and recipient centers, how long it took to find a compatible recipient, recipient preparation for surgery and
the availability of operating rooms and surgeons. The most common method of kidney storage includes
flushing the kidney with cold preservation solution, packing in a sterile container, and storing on ice to
keep it cold. Kidneys can also be placed on a machine to pump preservation fluid through the kidney. This
may extend the safe preservation period. When there is a living donor, the transplant operation takes place
immediately after the donor kidney is recovered. The kidney frequently works immediately because there
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is little or no storage or transport time (cold ischemic time) involved. This is one reason living donor
transplants are more successful than non-living (cadaveric) donor transplants.
7. Who pays for the removal of donated organs?
Medicare Parts A and B cover all reasonable costs of donor evaluation and organ recovery performed in a
Medicare approved hospital. If the recipient has private insurance coverage, it is important to determine
what items are covered. In general, most private insurers pay all reasonable donor costs, but require that
you go to a designated transplant center (perhaps one in another state), and require “pre transplant
approval” before the surgery takes place.
8. Will the recipient ever know who donated the organ?
In 1997, a task force of major transplant organizations developed guidelines to answer this difficult
question. Guidelines established the right of the recipient and the donor family to state their wishes about
exchanging information. At the time of donation and when organs are received, patients and family
members should be offered an opportunity to state whether they wish to give or receive information, or
whether they wish to communicate with the donor family/recipient.
9. Do transplant patients have rejection symptoms?
Yes, some patients will experience rejection episodes; these episodes frequently cause no symptoms that
the patient can recognize and do not occur as often as they did a decade ago. The best way for a patient to
avoid rejection is to take all immunosuppressive medications as prescribed, avoid taking unauthorized
medications of any type, and have frequent follow-up visits with the transplant center to monitor laboratory
tests that evaluate renal function, blood counts, and immunosuppressive medication levels. In order to
avoid rejection, patients should promptly report any fever, signs of infection, soreness of the transplant site,
or any change in urine output to the transplant center. These may be signs of serious infection or rejection.
Rejection episodes, when detected promptly and properly treated, do not always result in immediate loss of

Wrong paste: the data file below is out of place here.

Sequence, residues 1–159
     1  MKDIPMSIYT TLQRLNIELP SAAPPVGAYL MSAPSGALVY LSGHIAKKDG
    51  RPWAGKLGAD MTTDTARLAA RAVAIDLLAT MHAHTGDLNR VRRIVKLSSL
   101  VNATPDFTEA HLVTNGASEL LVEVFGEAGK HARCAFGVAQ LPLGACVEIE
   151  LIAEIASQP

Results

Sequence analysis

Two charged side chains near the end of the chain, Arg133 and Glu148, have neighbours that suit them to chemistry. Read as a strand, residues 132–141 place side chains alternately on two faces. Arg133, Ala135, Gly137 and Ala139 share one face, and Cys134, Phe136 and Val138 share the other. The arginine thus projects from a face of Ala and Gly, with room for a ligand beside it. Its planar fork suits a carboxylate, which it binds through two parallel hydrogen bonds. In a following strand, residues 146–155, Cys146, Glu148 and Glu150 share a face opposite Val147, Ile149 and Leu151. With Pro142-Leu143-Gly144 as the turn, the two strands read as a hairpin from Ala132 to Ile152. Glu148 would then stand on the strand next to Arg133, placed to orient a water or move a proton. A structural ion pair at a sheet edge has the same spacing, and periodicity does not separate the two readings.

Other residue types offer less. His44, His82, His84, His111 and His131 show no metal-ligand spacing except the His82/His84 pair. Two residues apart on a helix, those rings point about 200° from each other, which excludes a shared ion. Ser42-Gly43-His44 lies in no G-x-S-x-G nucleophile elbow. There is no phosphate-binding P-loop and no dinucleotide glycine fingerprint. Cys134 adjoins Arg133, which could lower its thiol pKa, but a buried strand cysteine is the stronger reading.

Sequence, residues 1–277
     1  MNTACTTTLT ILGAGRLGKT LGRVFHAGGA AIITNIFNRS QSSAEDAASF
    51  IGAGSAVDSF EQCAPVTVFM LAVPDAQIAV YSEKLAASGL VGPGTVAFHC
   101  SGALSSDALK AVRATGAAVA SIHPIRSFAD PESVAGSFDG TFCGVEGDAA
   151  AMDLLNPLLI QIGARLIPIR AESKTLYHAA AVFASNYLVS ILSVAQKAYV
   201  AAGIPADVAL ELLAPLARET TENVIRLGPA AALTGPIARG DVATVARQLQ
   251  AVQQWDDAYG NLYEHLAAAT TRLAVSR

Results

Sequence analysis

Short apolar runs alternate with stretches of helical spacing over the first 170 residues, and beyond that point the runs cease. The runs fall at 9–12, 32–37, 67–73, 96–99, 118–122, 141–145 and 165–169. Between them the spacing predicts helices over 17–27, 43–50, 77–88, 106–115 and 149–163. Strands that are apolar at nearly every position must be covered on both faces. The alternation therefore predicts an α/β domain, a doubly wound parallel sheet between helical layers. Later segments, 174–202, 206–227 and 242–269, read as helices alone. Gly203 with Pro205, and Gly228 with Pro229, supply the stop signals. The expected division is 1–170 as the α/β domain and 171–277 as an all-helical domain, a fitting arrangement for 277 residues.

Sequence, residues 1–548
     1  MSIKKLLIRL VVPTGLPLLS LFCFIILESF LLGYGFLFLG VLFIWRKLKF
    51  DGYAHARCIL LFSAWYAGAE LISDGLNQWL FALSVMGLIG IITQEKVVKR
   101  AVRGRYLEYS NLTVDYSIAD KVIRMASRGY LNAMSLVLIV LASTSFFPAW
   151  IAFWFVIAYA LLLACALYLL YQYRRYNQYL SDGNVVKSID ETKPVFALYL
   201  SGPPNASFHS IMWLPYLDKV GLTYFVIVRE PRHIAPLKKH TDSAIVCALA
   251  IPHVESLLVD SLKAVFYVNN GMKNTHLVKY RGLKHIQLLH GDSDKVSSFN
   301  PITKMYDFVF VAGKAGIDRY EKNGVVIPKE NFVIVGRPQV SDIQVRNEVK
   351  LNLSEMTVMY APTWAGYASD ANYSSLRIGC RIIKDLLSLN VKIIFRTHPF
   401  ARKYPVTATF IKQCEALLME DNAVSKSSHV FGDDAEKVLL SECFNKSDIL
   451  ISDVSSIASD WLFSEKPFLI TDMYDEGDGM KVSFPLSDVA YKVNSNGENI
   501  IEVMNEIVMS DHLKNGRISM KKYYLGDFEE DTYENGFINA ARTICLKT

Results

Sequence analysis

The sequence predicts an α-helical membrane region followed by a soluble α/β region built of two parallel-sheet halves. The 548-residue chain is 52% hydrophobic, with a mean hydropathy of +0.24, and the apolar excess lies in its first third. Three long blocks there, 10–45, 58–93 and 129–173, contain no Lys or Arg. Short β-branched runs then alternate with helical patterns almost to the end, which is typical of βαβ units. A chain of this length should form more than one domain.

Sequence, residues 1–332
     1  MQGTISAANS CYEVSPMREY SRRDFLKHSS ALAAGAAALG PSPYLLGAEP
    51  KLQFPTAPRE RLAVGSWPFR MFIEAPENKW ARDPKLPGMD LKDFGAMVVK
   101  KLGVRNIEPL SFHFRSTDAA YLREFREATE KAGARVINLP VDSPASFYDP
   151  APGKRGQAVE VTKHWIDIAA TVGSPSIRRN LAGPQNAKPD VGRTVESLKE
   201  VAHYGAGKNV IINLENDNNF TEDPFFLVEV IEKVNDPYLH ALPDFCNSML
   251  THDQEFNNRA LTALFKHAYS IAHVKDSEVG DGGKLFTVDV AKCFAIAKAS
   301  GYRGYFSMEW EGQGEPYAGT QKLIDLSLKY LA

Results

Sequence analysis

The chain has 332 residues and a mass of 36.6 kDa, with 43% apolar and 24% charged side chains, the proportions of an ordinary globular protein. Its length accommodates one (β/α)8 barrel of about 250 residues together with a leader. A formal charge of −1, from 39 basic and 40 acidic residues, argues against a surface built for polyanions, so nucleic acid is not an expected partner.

the transplanted organ; however acute rejection episodes may lead to chronic rejection, where the kidney is
lost over a period of months to years later. Some patients can receive a repeat kidney transplant if the
previous transplant has failed, or is failing, but first transplants are generally more successful. Patients who
receive living donor organs may have less rejection and may require less immunosuppressive medication.
QUESTIONS ASKED ABOUT LIVING DONOR KIDNEY
1. Who can donate a kidney?
Anyone in good general health and over the age of eighteen (over 21 for some centers) can be an organ
donor. Prospective living donors should not be obese, should be free of hypertension (high blood pressure),
cancer, chronic infection, kidney disease, or heart disease. Extensive medical testing will be done by the
transplant center or OPO to determine the medical eligibility of the donor. The transplant center may also
request psychological evaluations to assure that the donor understands everything about donating an organ.
(SEE Page 6-7 for discussion of testing prior to kidney transplant.) The donor should not be forced to
donate an organ, or feel they have a right to control the recipient’s future life. They should understand the
time required for evaluation, costs not covered, such as travel to the testing site, and time that will be lost
from work at the time of donation. Some employers now offer paid time off to organ donors to recognize
the commitment made by these individuals.
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2. Will the donor have an opportunity to change his/her mind?
The donor may change their mind at any time and withdraw from consideration. Transplant centers are
aware of their commitment to protect the confidentiality of the donor. If a donor changes his/her mind, it is
discussed with the transplant staff, and the center may simply state that the person no longer qualifies as a
donor. This prevents resentment by family members who might not understand the donor’s feelings.
3. What donor costs will be covered by insurance?
Medicare Part A and B will cover all reasonable cost of kidney donation when organ recovery is performed
in a Medicare approved hospital. This includes the medical evaluation, donation surgery, and follow-up
care for one year. Costs not covered are travel to the transplant center for evaluation, time lost from work
during evaluation and donation surgery, and the cost of childcare during recuperation.